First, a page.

The instant noodles market in India has gone through a transformation of sorts in the past few years. Fuelled by changing eating habits of the public, it has rapidly expanded to gain a size of Rs.1500 crores today & projected to become a market of Rs.3000-3500 Crores by 2015. Nestle’s Maggi was the first brand introduced in India in the year 1984. After solving some teething problems like fighting with the Indian cultural habits, it has dominated the market.
In the later nineties, Nissan’s TopRamen and recently a few brands like HUL’s Knoor Soupy, GSK’s Foodles, ITC’s Yipee entered highly competitive market. All the challenger brands have been from the big players and it has been interesting to see how each brand has been positioning itself. Maggi rules the market with 85.6 percent market share, dropping from 91 percent market share two years back, thanks to competition from the challenger brands.
This made it perfect for us to study the noodles market in India. For the first stage of this project, we have tried to understand the driving factors behind every Noodles purchase of the Indian customer with the help of few in-depth interviews. Based on our study, we have given our recommendations on the segments that GSK’s Foodles should target and the appropriate branding strategy.Children as an age group are a marketer’s delight. With “pester power” children play a significant role in decision making and purchase choices of just about anything ranging from food items to beverages to chocolates. As consumers, children know exactly what they want and do not experiment too much with flavour or colour.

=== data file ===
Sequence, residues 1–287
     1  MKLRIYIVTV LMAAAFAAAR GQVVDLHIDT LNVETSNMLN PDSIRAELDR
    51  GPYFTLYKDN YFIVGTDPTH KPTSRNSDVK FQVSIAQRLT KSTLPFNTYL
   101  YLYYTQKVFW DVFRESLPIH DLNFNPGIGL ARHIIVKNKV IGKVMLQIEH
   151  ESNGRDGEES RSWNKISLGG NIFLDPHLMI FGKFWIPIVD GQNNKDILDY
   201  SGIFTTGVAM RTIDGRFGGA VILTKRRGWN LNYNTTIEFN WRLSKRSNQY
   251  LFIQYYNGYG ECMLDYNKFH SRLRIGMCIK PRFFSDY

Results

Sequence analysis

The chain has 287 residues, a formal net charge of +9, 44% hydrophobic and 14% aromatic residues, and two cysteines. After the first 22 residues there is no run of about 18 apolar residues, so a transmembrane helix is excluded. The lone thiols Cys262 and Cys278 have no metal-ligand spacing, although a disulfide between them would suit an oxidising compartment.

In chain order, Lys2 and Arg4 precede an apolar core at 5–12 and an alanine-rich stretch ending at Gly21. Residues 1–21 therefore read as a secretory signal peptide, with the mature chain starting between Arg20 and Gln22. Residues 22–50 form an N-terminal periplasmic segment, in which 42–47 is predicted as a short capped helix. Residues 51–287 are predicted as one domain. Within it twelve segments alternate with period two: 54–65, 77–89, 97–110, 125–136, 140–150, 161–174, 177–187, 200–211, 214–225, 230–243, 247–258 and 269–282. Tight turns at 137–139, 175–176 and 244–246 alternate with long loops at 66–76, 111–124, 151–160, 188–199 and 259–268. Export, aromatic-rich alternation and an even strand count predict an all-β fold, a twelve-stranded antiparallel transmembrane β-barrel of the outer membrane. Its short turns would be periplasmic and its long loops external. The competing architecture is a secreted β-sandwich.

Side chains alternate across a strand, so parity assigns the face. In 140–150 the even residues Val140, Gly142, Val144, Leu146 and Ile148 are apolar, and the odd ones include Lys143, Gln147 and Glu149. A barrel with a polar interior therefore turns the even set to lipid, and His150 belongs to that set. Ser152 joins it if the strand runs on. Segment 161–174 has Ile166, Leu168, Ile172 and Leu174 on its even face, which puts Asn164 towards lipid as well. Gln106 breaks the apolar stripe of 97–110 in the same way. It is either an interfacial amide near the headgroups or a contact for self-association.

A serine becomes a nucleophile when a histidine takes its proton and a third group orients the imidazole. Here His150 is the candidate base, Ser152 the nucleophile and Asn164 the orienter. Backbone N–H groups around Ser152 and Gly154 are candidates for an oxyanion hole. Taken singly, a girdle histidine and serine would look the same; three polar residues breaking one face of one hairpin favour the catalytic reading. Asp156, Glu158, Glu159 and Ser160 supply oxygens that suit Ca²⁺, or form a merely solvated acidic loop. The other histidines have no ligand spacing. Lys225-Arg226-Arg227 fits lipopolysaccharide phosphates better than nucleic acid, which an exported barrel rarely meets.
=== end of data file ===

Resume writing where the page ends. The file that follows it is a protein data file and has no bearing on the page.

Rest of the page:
The tweenagers age group consists of children on the threshold of adolescence and as a segment are a difficult lot. Though they are not sure about their choices on an emotional plane, they are a trendy new group that is extremely savvy and self assured when it comes to taking decisions regarding consumer goods and wants. Impulse foods rule the preference scale as far as the buying behaviour of tweenagers in India is concerned. In fact, the top six expense items for tweenagers seem to be impulse foods: 17% of the total pocket money spent on ice creams, 12% on chocolates and 10% each on soft drinks and fast food according to a newspaper report in the “The Times of India”.
With increased awareness through television and advertising, tweenagers are an important influence on family decision-making in urban India. They have also mastered the art of nagging their parents into making purchases of gadgets or products that they want. Among the areas where they make their influence felt are the purchase of such items as a newly launched chocolate bar, instant noodles and breakfast cereal.
On the brink of adulthood, teenagers like to emphasize and express themselves in a manner that catches attention. They have experimental with their food with a preference towards innovative offerings but form strong opinions which they carry forward in life. They are also predisposed towards snack items as they tend to feel hungry between traditional meals. They have a lot of say about the food that they want to consume with limited parental control.
Teenagers like buying books, music and expensive branded footwear, as well as watching films and socialising with friends. Older college-going teenagers’ high school pupils tend to frequent coffee bars, which are a relatively new focal point for socialising. Teenagers are also among the regular users cinema multiplexes and entertainment zones. College-Goers A rise in the number of colleges and institutions of higher learning both government owned and privately financed has enabled a larger number of youth to graduate from their portals.